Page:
David Suzuki's Andean Adventure
Eleanor Geer Huddle and Richard Frederick Wheeler believed road work near their property in Ecuador violated the rights of nature. So, the U.S. couple decided to protect the river running through their land by going to court. It was the first case to successfully invoke Ecuador's special constitutional rights for nature. Their story is highlighted in the upcoming documentary David Suzuki's Andean Adventure. It airs on The Nature of Things next week.
The film looks at how two Latin American countries - Ecuador and Bolivia - may be leading the way in environment protection, despite sitting on lucrative natural resources. Ecuador is the first country in the world to grant constitutional rights to nature. And it's floating an even more audacious idea. It wants to leave a vast reserve of oil beneath the ground. And it hopes the international community will pay to keep it there.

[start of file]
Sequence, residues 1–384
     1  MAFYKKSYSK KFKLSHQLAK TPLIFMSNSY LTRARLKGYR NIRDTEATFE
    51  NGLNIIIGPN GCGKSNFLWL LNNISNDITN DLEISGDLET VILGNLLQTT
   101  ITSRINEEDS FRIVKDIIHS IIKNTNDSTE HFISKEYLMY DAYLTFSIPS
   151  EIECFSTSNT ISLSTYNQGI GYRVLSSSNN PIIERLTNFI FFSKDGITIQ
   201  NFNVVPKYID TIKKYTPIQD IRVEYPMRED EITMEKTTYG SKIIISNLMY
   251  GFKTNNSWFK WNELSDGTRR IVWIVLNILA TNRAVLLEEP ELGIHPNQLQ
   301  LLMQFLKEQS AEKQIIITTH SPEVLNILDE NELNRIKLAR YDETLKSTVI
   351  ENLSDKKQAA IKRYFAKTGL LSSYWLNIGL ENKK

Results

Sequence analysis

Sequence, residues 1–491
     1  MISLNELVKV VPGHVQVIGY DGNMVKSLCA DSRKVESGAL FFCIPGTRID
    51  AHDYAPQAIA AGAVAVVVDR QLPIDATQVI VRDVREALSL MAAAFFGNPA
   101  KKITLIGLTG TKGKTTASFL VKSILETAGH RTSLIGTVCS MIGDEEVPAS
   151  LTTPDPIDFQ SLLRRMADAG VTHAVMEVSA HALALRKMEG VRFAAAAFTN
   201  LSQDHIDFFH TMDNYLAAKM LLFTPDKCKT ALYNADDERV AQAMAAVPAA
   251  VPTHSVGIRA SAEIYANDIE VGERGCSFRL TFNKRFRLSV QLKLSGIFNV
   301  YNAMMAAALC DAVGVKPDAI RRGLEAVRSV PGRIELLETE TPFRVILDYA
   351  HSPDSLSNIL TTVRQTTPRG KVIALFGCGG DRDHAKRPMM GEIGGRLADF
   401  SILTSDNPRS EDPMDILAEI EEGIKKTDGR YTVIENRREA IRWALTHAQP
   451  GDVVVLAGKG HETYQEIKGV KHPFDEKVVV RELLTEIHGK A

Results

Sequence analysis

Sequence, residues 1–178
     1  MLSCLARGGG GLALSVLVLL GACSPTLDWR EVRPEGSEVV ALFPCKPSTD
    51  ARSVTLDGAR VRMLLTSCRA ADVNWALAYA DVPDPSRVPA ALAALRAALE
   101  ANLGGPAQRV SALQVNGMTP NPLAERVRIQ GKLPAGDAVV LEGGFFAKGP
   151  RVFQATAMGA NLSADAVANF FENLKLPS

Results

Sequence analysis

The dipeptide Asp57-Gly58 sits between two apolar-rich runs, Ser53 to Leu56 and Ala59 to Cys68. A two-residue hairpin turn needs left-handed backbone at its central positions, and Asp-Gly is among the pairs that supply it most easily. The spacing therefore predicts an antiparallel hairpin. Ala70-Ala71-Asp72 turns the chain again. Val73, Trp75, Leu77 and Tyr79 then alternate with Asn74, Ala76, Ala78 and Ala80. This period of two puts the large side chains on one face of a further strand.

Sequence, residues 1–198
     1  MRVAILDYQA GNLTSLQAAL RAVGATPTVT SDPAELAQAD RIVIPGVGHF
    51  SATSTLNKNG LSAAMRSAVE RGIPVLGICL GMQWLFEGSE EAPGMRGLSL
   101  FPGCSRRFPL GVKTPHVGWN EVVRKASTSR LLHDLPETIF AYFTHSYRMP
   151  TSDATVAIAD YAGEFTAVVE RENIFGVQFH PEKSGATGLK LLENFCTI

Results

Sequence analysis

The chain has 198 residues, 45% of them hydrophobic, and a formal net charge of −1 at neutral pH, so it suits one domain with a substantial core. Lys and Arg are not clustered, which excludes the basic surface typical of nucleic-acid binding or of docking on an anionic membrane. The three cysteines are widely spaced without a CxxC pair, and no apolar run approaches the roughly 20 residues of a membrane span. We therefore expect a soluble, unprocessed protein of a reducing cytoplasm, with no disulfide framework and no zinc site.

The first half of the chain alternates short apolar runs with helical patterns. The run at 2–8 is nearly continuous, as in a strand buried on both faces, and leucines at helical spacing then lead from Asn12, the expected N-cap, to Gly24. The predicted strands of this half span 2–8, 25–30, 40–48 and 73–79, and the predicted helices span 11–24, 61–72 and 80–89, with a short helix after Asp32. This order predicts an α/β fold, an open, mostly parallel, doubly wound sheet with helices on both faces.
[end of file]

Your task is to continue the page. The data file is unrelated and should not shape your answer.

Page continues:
David Suzuki joined us to talk about what he discovered on his trip to South America. He was in our Vancouver studio.
David Suzuki's Andean Adventure will air on The Nature of Things on CBC TV on Thursday January 10th at 8:00pm.
This segment was produced by The Current's Josh Bloch.
Other segments from today's show: